By CB Adams
Before the lights dimmed and the 8th annual LaBute New Theater Festival began, this reviewer felt pity instead of anticipation – pity for the nine playwrights who had to endure a two-year, pandemic-induced delay for their works to be fretted and strutted upon the intimate performance space at the Gaslight Theater.
During the festival’s four-week run, the St. Louis Actors’ Studio presents two sets of five one-act plays selected in 2020 – a Whitman’s Sampler (something for everyone!) of short dramas. Each slate includes “St. Louis,” written by the festival’s founder and namesake, the Tony-nominated, acclaimed writer and director Neil LaBute.
Two years may have felt like an eternity to playwrights and public alike, but the first set of one acts, running from July 8–17, delivers a collectively gratifying experience resonating with relevance to the current zeitgeist.
The first set includes Aren Haun’s “What Else is New,” John Doble’s “Twilight Time,” Willie Johnson’s “Funny Thing,” and Fran Dorf’s
“Time Warp,” as well as LaBute’s “St. Louis.”
Experiencing this evening of one acts is like reading a short-story collection. You might not enjoy every play (not all in the first set are one-hit wonders), but taken together, they are engaging, thought-provoking and satisfying. When soliciting for one acts, the LaBute
Festival seeks plays that feature no more than four characters. They should be crafted specifically to exploit the Gaslight’s intimate, 18-foot square performance space with quick changes in scenery, setting and set moves.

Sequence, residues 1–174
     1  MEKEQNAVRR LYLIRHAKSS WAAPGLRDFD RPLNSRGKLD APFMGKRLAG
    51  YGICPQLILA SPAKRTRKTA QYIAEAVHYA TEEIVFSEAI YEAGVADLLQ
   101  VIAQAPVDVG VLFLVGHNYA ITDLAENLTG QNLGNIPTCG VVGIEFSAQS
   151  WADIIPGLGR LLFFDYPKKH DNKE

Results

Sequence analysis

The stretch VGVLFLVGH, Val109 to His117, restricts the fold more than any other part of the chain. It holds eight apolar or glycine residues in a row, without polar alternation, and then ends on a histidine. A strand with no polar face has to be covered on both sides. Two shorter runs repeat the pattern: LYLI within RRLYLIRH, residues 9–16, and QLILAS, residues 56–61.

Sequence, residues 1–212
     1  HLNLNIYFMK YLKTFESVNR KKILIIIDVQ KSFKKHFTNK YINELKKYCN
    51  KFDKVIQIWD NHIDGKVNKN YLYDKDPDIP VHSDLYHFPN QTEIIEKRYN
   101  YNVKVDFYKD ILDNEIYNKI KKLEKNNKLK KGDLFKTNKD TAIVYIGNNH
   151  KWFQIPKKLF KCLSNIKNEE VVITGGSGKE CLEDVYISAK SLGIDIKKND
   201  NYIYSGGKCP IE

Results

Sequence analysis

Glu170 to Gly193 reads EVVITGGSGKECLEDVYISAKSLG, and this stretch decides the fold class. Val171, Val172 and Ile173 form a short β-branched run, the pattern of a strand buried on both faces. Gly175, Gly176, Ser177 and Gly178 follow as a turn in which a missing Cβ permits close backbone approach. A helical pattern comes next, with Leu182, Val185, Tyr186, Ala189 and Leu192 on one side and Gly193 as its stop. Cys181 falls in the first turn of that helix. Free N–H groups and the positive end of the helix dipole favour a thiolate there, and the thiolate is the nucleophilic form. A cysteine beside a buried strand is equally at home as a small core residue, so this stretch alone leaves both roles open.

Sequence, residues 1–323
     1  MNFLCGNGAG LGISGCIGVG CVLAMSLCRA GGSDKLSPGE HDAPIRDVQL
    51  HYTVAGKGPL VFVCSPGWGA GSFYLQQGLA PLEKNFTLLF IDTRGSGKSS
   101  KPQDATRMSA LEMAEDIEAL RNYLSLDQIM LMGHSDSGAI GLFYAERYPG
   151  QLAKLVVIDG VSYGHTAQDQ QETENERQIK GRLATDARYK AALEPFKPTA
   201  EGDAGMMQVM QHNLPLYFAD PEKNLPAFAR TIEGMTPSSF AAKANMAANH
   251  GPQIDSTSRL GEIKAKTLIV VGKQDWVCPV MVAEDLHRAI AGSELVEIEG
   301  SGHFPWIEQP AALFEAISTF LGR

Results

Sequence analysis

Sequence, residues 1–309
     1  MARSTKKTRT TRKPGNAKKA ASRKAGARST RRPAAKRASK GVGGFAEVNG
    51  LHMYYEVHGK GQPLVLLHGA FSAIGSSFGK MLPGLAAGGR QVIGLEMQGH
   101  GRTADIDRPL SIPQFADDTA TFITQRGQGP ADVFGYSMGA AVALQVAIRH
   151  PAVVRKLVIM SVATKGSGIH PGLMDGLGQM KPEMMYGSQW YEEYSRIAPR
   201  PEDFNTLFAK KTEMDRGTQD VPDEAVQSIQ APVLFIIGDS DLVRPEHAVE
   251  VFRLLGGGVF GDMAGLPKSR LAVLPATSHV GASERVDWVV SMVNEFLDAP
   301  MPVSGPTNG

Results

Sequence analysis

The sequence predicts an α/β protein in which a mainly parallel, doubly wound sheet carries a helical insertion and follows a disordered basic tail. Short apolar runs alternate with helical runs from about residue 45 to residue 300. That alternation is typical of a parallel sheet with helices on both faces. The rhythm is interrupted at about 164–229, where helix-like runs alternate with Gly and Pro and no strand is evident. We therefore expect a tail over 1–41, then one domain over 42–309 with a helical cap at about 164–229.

For theater-goers who love plays that focus on the fundamentals of dramaturgy – plot, character and theme – the LaBute Festival is a must-see, based on this first slate.
The plays presented this year are diverse, yet share a common thread, if not a common theme, of human connectedness:
“What Else is New,” set in a diner, involves Bruno (and his suitcase), an unhoused loner (replete with an annoying need for conversation and more tics and twitches than Brad Pitt in the film “12 Monkeys”) and Mark, a disinterested college art student who works the counter. t’s a marvel to watch the two characters circuitously connect.
“Twilight Time,” concerns a chance encounter between Benjamin and Geraldine, two disaffected youths who discover they are both planning their suicides. Though not as humorously death-drenched as “Harold and Maude,” they connect over common political and other opinions and soon make plans to live, perhaps happily ever after.
“Funny Thing” is anything but funny as the four-month relationship between Older Man and Younger Man is stuffed into a blender and set to frappe. The resulting, non-chronological plot makes frequent pivots that are easy to follow, thanks to fine acting and effective lighting changes.
No one dances in “Time Warp,” but, as the song goes, “…With a bit of a mind flip / You’re into the time slip / And nothing can ever be the same…” For those of us who like stories that explore the possibilities presented by punctures in the time- space continuum, “Time Warp” delivers a mind-bending – and ultimately harrowing – tale involving Brian, a Vietnam War army psychiatrist, his wife, Beth, a curiosity shopkeeper, CG Young, and a specter-like painter and fellow soldier, Joey Passarelli. The warping of time and circumstance ensues, though not in a science fiction sort of way.